The spectra of the time-segments 1 though 8 of FIG. 1 are illustrated in FIG. 2 as being arranged with increasing frequency F0 -Fmax aligned vertically. The spectra are thresholded to eliminate as much of the noise as possible to display the signal-peaks or persistent features of the thresholded spectra as illustrated in FIG. 2. Because of the high noise level and the resulting necessary high threshold level to eliminate most of the noise, some signal-peaks may be missed by the detection threshold while, conversely, some high level noise-peaks may be displayed.

On the display 20 of FIG. 2 the persistent features or signal-peaks that are detected in several consecutive spectra take on the appearance of "lines". These vertical lines, if from machinery-generated sources, may form harmonic and dynamically related sets. The persistent-feature pattern from a specific machine is called its "signature". The magnitude of each persistent feature, i.e., each spot, in the thresholded spectra is represented on the display 20 by its intensity.

A truly periodic process or device, such as a well-designed electrically-driven tuning fork, produces a sound wave which, when analyzed as above, would appear as a unwavering line of constant power and frequency extending along the direction of the time axis. In passive sonar terminology, such a signal would be termed a "stable line", or stable frequency. Even if mixed with noise, it would still be easily detectable, providing its average power were three or four times greater than the noise variance. See FIG. 3a.

If the signal-power, in relation to the noise-power variance, is less than this, then a technique known as fixed-frequency integration, or Automatic Line Integration (ALI) may be used. This ALI technique is based on the principle that, if the members of a population having a gaussian distribution, with some average and standard deviation, are averaged in sub-groups, the small averages will tend to cluster about the central average with a smaller standard-deviation than the original population exhibit. In passive sonar, the "population" consists of the power-spectrum coefficients grouped in various ways. The ALI technique consists of averaging together the coefficients representing a particular frequency for a group of contiguous time-segments; making a separate average over the same time-span for each frequency. For those frequencies containing contributions from noise only, the frequency averages will tend to cluster around the overall noise average, with a reduced variance. At the frequency of the stable signal, the average of the coefficient will cluster around the value of signal power plus the average noise power. Since this value is now much greater than the reduced noise-variance, the signal is again easily detectable. See FIG. 2.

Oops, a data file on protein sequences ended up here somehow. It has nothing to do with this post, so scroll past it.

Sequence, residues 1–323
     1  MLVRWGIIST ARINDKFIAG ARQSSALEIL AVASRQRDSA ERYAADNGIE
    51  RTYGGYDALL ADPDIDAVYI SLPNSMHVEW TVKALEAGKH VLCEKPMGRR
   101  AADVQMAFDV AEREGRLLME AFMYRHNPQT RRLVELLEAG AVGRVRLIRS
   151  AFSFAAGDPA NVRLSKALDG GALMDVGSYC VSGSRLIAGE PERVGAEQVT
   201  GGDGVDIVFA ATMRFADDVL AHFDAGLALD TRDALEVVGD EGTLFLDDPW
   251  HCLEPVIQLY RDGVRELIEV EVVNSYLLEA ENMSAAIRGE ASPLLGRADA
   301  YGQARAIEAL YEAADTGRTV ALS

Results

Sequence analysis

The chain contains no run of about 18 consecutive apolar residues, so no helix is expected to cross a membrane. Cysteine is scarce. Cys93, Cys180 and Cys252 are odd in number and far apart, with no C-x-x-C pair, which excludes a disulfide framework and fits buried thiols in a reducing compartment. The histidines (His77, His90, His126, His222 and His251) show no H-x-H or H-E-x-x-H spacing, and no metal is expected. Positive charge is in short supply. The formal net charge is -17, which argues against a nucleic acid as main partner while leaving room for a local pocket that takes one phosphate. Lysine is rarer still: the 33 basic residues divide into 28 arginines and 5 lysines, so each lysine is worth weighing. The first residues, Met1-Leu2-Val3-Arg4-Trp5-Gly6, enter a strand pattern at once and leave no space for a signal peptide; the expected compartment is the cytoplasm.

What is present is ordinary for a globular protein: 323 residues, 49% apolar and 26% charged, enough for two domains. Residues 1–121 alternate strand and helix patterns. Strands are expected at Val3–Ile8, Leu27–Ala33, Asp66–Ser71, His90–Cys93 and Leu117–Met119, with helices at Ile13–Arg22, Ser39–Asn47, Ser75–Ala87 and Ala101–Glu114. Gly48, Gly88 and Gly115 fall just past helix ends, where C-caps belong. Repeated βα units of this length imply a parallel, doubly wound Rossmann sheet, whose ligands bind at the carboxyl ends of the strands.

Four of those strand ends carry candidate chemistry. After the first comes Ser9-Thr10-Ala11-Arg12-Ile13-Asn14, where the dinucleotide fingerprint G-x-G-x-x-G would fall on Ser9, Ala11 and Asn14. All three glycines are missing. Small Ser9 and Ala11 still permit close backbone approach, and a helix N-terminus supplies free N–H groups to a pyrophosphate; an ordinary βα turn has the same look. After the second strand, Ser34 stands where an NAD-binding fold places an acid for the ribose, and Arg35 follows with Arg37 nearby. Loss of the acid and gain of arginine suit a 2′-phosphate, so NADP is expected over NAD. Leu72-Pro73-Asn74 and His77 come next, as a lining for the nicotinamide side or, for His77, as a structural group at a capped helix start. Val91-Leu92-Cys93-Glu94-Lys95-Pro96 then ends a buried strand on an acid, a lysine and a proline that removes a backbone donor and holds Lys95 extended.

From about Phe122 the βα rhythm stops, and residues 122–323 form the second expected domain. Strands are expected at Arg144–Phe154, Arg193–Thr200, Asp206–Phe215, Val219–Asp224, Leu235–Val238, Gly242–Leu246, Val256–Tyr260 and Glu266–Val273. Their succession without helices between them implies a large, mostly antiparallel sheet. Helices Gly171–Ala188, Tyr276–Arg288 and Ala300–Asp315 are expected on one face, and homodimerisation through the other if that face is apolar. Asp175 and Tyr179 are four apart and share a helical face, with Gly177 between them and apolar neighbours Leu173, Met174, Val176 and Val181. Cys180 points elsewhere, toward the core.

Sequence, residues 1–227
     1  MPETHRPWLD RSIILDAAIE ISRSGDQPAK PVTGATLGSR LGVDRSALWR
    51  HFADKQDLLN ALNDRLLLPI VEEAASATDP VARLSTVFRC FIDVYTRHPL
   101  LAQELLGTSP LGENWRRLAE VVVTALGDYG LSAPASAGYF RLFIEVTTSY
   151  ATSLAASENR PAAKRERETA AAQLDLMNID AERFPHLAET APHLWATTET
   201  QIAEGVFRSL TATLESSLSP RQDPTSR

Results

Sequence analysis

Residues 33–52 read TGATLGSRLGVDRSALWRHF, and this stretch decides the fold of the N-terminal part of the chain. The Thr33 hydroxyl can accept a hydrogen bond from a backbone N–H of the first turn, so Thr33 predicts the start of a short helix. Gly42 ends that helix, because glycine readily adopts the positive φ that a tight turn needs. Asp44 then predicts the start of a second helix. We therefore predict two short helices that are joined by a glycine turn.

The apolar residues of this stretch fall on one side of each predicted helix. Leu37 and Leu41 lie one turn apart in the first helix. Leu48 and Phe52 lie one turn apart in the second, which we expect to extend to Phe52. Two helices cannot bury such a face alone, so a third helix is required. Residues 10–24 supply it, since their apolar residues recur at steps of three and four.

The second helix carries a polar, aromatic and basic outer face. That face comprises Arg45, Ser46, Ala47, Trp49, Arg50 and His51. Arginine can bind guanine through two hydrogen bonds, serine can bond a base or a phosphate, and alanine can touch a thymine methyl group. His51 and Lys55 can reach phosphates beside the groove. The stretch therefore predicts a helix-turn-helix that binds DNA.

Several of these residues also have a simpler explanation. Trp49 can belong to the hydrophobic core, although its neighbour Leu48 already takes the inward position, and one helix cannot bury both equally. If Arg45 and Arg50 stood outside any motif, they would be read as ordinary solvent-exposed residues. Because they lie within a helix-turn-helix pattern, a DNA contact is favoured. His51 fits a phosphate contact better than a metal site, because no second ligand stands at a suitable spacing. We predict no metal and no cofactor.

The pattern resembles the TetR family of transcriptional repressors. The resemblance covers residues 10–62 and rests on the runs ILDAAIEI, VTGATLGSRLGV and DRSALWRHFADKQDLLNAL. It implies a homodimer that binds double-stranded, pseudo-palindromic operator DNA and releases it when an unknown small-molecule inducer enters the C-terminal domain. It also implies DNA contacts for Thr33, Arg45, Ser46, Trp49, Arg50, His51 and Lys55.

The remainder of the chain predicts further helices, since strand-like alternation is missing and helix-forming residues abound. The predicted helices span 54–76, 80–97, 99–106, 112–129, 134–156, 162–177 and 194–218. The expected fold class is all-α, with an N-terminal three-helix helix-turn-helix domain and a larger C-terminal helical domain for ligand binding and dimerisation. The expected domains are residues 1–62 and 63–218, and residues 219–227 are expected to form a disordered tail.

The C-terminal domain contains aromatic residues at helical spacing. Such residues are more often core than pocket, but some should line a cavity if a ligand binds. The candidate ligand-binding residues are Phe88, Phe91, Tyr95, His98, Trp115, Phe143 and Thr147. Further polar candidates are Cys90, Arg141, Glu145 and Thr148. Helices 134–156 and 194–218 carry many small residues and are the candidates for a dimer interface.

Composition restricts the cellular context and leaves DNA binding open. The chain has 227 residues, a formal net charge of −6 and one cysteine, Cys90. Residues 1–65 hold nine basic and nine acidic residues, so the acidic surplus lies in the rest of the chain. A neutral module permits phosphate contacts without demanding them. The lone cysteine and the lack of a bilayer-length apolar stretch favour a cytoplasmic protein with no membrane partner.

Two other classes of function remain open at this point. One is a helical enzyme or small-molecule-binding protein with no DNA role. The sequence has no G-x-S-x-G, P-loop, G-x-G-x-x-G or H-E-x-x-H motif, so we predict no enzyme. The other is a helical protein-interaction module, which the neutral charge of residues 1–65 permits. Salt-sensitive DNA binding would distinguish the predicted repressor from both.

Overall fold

With particular reference to FIG. 2 there is illustrated a set of 8 spectra with their like frequencies vertically aligned. Remembering that each spectrum is actually a set of ordered discrete outputs, i.e., a graph of power amplitude for each frequency cell or bin i, let any spectral element be defined as

Sij =the power in the ith frequency cell or bin when analyzing time-segment j.

Any one spectrum is then a set over i for a fixed j. For example, the spectrum of segment 1 is

[S0,1, S1,1, S2,1, . . . Si,1, . . . S500,1 ]

and that for segment 5 is

[S0,5, S1,5, S2,5, . . . Si,5, . . . S500,5 ].

The ALI-spectrum is derived by summing, column-by-column, over a number of spectra. Thus, an element of the ALI-spectrum ##EQU1##

A so-called "moving window" ALI is used where the sums are updated with each new spectrum while the oldest spectrum in the sum is removed. Then Ai becomes dependent on j as well and is written ##EQU2## and the jth ALI is the set of sums

[Aij ]=[A0,j, Al,j, . . . Ai,j, . . . A500,j ]